Three bisexual men are suing the organizers of the Gay World Series for excluding them, because they occasionally like to have sex with women.
The Gay World Series, besides being quite a fun phrase to type, is apparently serious business, with qualifying tournaments and bylaws and everything. One of those bylaws is that each team may have no more than two heterosexual players on the roster, and this is the one that the plaintiffs ran afoul of.
Their team qualified for the Gay World Series two years ago, but an inquiry into their sexuality led to their team being barred from the event.
Each of the three plaintiffs was called into a conference room in front of more than 25 people, and was asked "personal and intrusive questions" about his sexual attractions and desires, purportedly to determine if the player was heterosexual or gay, the lawsuit alleges. The alliance has no category or definition for bisexual or transgender people in its rules, the plaintiff's attorney said.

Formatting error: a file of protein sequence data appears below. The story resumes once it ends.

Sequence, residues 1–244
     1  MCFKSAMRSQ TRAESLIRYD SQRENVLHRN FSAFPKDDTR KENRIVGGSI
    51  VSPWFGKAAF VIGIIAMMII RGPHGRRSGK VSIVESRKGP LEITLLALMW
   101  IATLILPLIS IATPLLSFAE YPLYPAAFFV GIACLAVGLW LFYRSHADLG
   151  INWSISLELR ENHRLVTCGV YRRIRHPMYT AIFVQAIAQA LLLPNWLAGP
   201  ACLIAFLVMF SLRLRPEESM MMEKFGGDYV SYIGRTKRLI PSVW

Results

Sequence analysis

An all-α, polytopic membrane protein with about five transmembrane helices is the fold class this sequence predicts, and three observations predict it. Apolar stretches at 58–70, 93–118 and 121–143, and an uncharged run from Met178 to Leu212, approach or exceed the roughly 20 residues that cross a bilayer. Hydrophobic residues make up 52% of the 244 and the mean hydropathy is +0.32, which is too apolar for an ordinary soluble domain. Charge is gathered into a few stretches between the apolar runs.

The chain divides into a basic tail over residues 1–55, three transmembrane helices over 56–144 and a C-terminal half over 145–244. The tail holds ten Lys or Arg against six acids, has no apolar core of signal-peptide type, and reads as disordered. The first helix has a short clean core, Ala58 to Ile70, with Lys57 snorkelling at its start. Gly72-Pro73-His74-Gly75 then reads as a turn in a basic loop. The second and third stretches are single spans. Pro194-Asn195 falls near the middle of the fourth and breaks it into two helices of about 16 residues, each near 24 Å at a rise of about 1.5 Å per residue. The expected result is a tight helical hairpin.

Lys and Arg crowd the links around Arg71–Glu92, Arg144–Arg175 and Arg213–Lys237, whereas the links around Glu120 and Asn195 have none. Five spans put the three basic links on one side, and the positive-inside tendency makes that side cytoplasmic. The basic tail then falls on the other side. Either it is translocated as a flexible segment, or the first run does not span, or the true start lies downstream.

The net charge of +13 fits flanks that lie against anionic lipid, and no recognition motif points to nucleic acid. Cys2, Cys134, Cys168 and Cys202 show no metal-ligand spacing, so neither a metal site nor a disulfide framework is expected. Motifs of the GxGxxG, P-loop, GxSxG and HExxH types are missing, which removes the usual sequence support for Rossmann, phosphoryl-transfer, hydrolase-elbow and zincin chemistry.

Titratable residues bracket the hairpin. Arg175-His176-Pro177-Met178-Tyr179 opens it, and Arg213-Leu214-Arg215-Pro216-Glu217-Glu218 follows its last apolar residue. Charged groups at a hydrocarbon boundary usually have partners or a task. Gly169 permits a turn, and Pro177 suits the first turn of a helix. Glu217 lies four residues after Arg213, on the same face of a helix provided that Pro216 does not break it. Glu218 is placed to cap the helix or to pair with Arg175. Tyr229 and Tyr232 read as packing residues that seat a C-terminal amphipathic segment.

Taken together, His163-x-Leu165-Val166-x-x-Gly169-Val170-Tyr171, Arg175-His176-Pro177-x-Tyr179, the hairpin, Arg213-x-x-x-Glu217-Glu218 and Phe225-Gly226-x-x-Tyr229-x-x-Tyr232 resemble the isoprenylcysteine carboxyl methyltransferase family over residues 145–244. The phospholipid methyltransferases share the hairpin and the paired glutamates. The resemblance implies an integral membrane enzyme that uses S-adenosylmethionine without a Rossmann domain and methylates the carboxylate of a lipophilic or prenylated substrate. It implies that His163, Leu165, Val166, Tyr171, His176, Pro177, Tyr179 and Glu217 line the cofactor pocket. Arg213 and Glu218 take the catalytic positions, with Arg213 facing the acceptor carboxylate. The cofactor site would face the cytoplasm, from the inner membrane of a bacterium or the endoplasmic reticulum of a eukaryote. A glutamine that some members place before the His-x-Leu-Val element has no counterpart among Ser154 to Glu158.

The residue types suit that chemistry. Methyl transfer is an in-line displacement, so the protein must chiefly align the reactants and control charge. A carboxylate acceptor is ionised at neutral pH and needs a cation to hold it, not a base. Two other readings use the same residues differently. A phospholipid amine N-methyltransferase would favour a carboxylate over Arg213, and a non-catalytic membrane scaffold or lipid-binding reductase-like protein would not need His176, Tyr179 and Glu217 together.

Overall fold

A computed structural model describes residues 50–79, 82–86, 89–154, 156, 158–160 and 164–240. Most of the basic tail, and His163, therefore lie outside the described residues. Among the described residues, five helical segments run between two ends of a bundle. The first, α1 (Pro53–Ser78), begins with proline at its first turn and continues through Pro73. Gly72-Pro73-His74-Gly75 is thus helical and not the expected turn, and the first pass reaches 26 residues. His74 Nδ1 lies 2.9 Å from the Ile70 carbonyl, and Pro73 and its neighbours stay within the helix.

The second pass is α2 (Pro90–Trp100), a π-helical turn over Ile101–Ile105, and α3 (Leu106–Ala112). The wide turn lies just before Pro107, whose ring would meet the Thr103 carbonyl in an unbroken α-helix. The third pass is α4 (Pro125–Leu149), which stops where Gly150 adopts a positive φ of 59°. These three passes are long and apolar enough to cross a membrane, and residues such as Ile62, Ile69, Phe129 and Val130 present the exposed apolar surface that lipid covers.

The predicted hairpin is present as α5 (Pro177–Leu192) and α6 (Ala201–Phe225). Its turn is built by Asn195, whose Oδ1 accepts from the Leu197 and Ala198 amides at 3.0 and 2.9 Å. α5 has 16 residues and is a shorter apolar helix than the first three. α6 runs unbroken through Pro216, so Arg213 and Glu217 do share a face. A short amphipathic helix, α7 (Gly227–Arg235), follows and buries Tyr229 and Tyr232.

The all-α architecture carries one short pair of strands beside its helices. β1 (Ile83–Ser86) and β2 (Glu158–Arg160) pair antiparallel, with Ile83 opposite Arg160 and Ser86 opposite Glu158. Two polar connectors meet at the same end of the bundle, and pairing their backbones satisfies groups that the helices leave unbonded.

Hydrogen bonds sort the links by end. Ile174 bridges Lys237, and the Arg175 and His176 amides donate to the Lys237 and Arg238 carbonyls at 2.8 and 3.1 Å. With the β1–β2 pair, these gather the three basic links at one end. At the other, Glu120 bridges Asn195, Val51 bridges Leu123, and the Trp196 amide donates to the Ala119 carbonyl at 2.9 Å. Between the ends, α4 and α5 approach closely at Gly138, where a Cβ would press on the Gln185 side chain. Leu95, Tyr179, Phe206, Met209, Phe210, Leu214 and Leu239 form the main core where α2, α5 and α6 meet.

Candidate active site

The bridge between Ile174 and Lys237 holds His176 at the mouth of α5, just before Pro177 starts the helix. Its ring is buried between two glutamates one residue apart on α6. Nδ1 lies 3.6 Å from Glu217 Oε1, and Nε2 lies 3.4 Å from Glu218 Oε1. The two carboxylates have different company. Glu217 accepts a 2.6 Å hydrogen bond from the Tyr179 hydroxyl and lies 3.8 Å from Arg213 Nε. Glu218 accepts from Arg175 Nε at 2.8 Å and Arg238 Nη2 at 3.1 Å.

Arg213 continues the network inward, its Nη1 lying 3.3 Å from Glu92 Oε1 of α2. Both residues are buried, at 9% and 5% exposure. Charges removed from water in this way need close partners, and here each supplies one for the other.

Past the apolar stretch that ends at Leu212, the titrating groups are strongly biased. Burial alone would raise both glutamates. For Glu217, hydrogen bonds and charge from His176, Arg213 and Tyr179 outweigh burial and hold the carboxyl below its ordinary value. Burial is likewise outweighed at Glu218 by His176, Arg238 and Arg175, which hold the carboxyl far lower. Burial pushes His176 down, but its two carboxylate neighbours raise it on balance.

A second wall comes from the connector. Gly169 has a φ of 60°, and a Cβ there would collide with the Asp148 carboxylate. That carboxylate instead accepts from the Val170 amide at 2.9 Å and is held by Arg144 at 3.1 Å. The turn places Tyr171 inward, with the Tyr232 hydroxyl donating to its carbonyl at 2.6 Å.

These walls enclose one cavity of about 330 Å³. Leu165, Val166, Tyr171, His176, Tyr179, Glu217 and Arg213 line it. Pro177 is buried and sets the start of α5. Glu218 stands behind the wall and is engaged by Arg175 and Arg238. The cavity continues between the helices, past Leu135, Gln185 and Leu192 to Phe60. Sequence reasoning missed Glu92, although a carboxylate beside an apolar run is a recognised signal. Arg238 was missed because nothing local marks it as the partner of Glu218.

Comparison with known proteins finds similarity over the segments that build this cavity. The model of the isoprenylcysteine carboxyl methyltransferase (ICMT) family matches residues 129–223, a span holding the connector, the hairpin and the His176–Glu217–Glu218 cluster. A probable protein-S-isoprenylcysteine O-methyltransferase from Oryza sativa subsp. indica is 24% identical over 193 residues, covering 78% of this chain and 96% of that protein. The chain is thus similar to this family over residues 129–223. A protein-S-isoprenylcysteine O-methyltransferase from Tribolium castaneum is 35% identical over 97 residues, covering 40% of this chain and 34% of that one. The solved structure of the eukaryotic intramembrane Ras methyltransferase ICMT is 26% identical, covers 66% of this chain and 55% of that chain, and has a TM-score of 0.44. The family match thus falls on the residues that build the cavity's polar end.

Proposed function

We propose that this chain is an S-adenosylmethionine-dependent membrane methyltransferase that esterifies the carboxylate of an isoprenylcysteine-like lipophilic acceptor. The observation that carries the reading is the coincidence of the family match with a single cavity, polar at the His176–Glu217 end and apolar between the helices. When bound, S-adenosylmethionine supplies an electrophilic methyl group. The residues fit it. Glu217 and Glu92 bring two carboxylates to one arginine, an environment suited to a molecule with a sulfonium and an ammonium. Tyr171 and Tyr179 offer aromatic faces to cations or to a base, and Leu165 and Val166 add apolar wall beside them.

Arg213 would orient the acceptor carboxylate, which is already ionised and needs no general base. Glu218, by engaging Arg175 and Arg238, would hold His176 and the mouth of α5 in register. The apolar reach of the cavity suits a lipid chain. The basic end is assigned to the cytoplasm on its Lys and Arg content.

At one point during the proceedings, the lawsuit alleges, one of the plaintiffs was told: "This is the Gay World Series, not the Bisexual World Series."
The Bisexual World Series, of course, being a much less prestigious event.
So the men are suing the North American Gay Amateur Athletic Alliance, claiming they were discriminated against. Doesn't really matter. The Asian Gay Amateur Athletic Alliance would have whupped them in the World Gay Softball Classic anyway.
Bisexual men sue gay group, claim bias [Seattle Times]